Health benefits of circumcision outweigh the risks of the surgery on baby boys, according to a new American study claiming it may prevent diseases like HIV and has no negative effect on sexual satisfaction.
The American Academy of Pediatrics said circumcision can reduce risk of urine infects, penile cancer and sexually transmitted diseases like HIV, but has stopped short of recommending the procedure for all babies, saying the choice should be left up to parents.
In a study published by journal Pediatrics, the AAP said the health benefits of newborn male circumcision "justify access to this procedure for families who choose it".
The AAP also said circumcision does not have any affect on sensitivity of the penis or sexual pleasure.
The review also showed a lower risk of contracting HPV and herpes if men are circumcised, but not a lower rate of gonorrhoea or chlamydia.
Dr Andrew Freedman, a paediatric urologist at Cedars-Sinai medical centre in Los Angeles, who chaired the study, said: "We're saying if a family thinks it is in the child's best interests the benefits are enough to help them do that."
But the AAP also warned that it was vital those performing circumcision are professionals, trained and using sterile instruments.
The group stressed it was imperative that those performing circumcision are adequately trained, that they used sterile techniques and offered effective pain-relief.
Circumcision, mandatory under Jewish law for eight-day old baby boys and commonly practiced in Islam, is a controversial topic in the US and Europe.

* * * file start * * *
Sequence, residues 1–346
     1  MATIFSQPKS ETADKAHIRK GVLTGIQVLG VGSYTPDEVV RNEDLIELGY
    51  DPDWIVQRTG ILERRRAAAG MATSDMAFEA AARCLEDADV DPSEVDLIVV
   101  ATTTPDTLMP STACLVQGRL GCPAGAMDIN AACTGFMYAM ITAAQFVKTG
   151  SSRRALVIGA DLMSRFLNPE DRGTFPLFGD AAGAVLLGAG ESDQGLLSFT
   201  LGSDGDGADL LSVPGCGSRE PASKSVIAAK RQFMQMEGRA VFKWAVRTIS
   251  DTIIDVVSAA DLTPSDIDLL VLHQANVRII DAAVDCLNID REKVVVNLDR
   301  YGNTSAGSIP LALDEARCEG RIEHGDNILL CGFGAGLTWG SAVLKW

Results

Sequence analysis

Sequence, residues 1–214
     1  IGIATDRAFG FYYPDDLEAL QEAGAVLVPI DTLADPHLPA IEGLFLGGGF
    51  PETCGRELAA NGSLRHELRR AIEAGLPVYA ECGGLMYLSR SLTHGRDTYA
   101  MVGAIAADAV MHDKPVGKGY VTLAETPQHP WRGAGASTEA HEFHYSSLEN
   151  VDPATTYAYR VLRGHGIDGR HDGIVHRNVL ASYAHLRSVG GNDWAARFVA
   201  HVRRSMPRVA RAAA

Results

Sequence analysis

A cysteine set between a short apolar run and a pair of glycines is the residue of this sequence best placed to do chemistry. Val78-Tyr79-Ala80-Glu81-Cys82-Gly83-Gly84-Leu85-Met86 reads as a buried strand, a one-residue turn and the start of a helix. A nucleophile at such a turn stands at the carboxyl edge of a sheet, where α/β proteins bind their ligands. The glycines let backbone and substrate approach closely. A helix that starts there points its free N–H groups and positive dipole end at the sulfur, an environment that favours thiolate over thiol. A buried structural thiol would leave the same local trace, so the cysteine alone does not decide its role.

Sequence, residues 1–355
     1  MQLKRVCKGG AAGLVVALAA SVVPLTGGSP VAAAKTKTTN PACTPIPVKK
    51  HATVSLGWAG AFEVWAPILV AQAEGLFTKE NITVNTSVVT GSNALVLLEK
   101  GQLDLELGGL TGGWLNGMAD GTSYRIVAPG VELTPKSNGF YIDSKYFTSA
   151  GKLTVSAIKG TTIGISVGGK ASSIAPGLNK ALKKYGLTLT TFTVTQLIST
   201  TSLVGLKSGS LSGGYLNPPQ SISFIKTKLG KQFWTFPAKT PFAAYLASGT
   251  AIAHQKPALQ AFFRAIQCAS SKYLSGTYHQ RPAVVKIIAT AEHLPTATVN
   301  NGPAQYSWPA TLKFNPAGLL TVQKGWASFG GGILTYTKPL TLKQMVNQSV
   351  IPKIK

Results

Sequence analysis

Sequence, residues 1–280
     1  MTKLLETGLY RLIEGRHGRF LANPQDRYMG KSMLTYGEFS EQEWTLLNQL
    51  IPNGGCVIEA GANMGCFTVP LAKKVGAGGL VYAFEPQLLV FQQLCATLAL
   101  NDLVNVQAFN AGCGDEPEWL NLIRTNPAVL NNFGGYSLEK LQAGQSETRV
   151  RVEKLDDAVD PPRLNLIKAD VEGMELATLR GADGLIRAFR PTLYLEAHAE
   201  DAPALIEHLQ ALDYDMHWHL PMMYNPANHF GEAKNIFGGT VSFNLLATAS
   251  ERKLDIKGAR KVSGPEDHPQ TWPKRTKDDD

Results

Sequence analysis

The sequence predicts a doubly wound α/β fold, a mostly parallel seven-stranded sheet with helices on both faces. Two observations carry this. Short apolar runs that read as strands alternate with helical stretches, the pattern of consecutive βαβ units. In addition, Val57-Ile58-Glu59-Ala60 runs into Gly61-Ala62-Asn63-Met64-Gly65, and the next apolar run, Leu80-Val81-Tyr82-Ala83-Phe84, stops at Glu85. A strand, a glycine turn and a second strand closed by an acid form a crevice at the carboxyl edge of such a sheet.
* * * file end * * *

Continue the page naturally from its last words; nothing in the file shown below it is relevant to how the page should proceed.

Circumcision can be performed by rabbis and imams, not by doctors.
The Initiation Society, which organises Jewish circumcisions, said their professionals rarely use anaesthetic when performing circumcisions as using a pain relief cream can cause inflammation and more pain than the procedure itself.
In some countries, circumcision is illegal and in others pain relief in mandatory, something recommended by the study.
But often pain relief is not used on tiny babies.
Anti-circumcision group Intact America said most of the studies underlying the new guidelines are based on research done on adult men in Africa.
Georganne Chapin, the group's executive director said: "The task force has failed to consider the large body of evidence from the developed world that shows no medical benefits for the practice, and has given short shrift, if not dismissed out of hand, the serious ethical problems inherent in doctors removing healthy body parts from children who cannot consent."
Last week, a doctor in Germany filed charges against David Goldberg, an Israeli rabbi living in Germany, for performing circumcisions, after a court in Cologne ruled it was illegal.
A government ethics committee overruled the court's decision.
In February 2010, a Jewish couple were fined for causing bodily harm to their then infant son who was circumcised in 2008 by a mohel, a rabbi specialising in circumcision, from the UK.
They had to pay €1500 in damages to the boy.
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